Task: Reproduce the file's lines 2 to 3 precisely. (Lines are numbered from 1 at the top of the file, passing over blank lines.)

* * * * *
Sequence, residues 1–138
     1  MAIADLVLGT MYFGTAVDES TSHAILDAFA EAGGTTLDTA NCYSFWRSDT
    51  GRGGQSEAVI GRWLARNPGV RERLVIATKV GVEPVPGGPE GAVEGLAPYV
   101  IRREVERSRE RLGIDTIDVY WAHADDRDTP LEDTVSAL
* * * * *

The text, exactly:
     1  MAIADLVLGT MYFGTAVDES TSHAILDAFA EAGGTTLDTA NCYSFWRSDT
    51  GRGGQSEAVI GRWLARNPGV RERLVIATKV GVEPVPGGPE GAVEGLAPYV